I'd rather have somebody that I had an honest, adult disagreement with, in fact I'd rather Hillary were president.- P.J. O'Rourke

Now, O'Rourke says he'd much prefer to have Biden heading up the White House, despite the fact that he doesn't support Biden's fiscal and political views. O'Rourke notes that while he is a conservative, he is more accurately identified as a libertarian.

Hillary Clinton with her family as she concedes the presidential election in November 2016. (Justin Sullivan/Getty Images)

"I mean, I'd rather have somebody that I had an honest, adult disagreement with, in fact I'd rather Hillary were president," says Biden. "I'd rather have a fellow adult in the room to argue with than whatever it is that we've got now."

      

Fashion choices of the candidates

O'Rourke dedicates an entire chapter in his book to the clothing worn by the presidential hopefuls.

"We've tried looking deep into these people," he laughs, "maybe we just need to be more superficial. Let's look at what they're wearing."

O'Rourke takes exception to Trump's overly long ties.

Tape appears to hold together the end of U.S. President Donald Trump's tie. (Joe Burbank/Canadian Press)

"This guy's six-feet-two, and he wears a Windsor knot. It takes up a lot of slack in a necktie," explains O'Rourke. "I don't even know where he finds ties that are so long that they manage to hang down around his knees."

As for Hillary Clinton's legendary pantsuits, O'Rourke says he's still not clear about the message they're meant to convey.

"What I did was ask a bunch of powerful women," he says of Clinton's fashion designer. "All the women I talked to, and they are women who travel a lot, said [they're] brilliant. This stuff packs really well."

O'Rourke says beyond travelling well, he's still a little confused about the fit.

"Hillary's garments seem to be sort of oversized. It's like watching a David Byrne 'Burning Down the House' music video."

     

Not an election

O'Rourke describes the 2016 election as a rebellion, rather than an election. And he notes that the United States isn't the only country going through an "awkward political moment."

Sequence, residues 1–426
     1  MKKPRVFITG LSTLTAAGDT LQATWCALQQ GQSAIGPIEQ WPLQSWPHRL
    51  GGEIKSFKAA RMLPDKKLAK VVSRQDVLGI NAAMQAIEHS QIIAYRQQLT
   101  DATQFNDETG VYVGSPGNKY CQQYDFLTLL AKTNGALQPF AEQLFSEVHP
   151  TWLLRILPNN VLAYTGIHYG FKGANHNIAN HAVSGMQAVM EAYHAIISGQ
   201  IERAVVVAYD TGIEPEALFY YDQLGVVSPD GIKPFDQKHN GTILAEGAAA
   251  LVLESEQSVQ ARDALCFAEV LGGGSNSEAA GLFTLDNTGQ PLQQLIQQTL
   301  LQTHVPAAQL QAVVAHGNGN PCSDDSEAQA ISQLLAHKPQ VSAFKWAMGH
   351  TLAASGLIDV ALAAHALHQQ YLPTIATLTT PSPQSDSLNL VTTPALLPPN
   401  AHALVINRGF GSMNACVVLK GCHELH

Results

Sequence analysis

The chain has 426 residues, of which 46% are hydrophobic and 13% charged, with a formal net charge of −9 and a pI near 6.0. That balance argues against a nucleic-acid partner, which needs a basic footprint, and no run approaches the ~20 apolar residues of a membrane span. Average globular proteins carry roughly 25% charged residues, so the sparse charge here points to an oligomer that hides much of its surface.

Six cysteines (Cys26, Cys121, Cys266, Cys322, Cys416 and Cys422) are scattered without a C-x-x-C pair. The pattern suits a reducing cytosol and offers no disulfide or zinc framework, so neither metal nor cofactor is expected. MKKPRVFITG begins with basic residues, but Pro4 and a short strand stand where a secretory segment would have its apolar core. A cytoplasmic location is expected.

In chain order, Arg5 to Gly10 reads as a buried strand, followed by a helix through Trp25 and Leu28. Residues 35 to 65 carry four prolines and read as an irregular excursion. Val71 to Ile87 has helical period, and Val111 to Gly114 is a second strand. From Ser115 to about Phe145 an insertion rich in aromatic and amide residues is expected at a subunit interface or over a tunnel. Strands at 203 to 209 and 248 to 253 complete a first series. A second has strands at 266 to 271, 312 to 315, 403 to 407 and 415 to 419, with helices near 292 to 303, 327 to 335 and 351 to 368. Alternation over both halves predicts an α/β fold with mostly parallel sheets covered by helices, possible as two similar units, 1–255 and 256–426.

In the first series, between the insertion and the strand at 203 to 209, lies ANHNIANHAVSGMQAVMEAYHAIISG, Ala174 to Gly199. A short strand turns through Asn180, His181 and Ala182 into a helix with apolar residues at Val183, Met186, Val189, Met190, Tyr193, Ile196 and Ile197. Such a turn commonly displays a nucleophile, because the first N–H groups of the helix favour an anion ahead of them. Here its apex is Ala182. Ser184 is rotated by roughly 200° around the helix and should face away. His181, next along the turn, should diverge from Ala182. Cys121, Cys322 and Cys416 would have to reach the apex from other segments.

He attributes the rebellion to a world-wide dissatisfaction with elites. He points to Brexit and the rise of alt-right parties as an example.

You have Xi Jinping and Putin taking measurements for a new iron curtain. You know, it's disturbing out there.- P.J. O'Rourke

O'Rourke says the rebellion is a result of various factors coming together. He says the rapid change in the economy is partly to blame.

"It's very disturbing to a lot of people. It's cost a lot of jobs."

He also says the political elites have failed in the Middle East, which has led, in part, to the refugee crisis.

He blames the political elites for failing to deal with Russia or China.

"You have Xi Jinping and Putin taking measurements for a new iron curtain. You know, it's disturbing out there."

When fear exists among voters, O'Rourke says they tend not to turn to small 'c' conservatives or common sense politicians.

"There's a tendency in people to say, 'Oh, we need somebody to come in here and shake things up.'"

O'Rourke still has a hope that Washington will absorb and handle Donald Trump.

"The test is not in all these self-administered doses of trouble, the test will be when some real crisis from the outside, that's not caused by himself, happens. And it happens to every President. You don't want to wish it to happen. But that will be the test."

To hear Brent Bambury's conversation with P.J. O'Rourke, download our podcast or click the 'Listen' button at the top of this page.